Bernard Hastings | 14 May 2019
After a tumultuous 2018 filled with numerous data leaks, scandals and other issues for the big tech companies, Google has made it clear that their new focus is on ensuring the safety and anonymity of their users.
At this year’s I/O Conference, Google’s CEO Sundar Pichai outlined how popular the company’s Incognito features have been within Google’s Chrome browser and that because of this, Google will now bake Incognito Mode into Google Maps.
These changes are excellent news for everyone, especially Australians who are subjected to the Government’s strict data collection laws. These laws require the tracking and monitoring of just about all online activities, which can result in leaks of personal data and more.
As you’re likely aware, the world’s largest technology companies make an income from advertising, however their other earners are collecting and selling user data.
Considering this data collection brings with it a suite of privacy issues, many Australians choose to browse through VPNs. However, Google’s move to include an Incognito Mode in Maps might just reduce the anxieties that come from making sensitive location searches. You’re able to freely use the service without the thought of someone tracking your movements if data leaks, or if someone else has access to your Google account.
We’d argue that in Australia, Incognito Mode for Google Maps provides an essential protective ‘layer’ to your activities online which may be extremely important to you.
If you or your children are searching friends and family home addresses, you deserve to know that these searches are protected. Incognito Mode for Maps does more than just protect these searches from prying eyes; it essentially erases them from ever happening – at least on your device.
You’ll be able to find the Australian Government’s eSafety recommendations when it comes to Incognito Mode on the eSafety.gov.au blog. It outlines that to browse more safely you should enable Incognito Mode or Private Browsing, which Google has now provided for their Maps services.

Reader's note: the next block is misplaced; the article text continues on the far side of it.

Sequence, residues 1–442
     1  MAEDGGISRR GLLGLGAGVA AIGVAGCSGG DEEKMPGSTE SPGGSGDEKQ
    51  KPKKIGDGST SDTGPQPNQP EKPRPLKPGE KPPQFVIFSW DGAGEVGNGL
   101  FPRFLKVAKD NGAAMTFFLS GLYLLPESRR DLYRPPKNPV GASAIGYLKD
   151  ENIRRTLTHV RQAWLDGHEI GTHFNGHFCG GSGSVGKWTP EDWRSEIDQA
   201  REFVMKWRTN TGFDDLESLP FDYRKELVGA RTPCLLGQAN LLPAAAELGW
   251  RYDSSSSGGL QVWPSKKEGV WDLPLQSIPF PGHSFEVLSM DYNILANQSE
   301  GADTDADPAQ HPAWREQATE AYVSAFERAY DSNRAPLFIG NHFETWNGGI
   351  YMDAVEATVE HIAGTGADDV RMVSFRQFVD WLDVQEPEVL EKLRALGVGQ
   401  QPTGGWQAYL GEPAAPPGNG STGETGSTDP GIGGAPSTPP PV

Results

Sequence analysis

At the time of writing, Google’s Incognito Mode for Maps is currently listed as ‘Coming Soon’ though we don’t expect the rollout of the feature to happen too far into the future. Several tech bloggers and news sources have suggested Incognito Mode for Google Maps to either become available in June, or at the same time as the final release of Android Q — sometime in Q3 2019.
To enable Incognito Mode when it becomes available, all you’ll need to do is head into Map’s settings on Android, or to your Google profile on a laptop and select ‘turn on Incognito Mode.’ This will activate the feature across all of the Google apps connected to your profile if you so choose, which includes Search.
Google’s CEO also made it clear that once a user does enable the new Incognito Mode feature, they can use all of Map’s typical features without any of the activity being connected or stored on their Google account.
If you’re wondering whether you’ll still need a VPN to keep your online mapping or other activities secure, then the short answer is yes.
To ensure all of your online searches and other activities remain anonymous, you’ll need to have a VPN installed on your smartphone, laptop or tablet. To the surprise of many, Incognito Mode doesn’t actually provide any encryption or significant security benefits, other than the prevention of tracking and the concealment of search history.
We suggest taking a look at our best vpn for Australia article to view our recommendations for Aussies looking for a solid vpn service provider.
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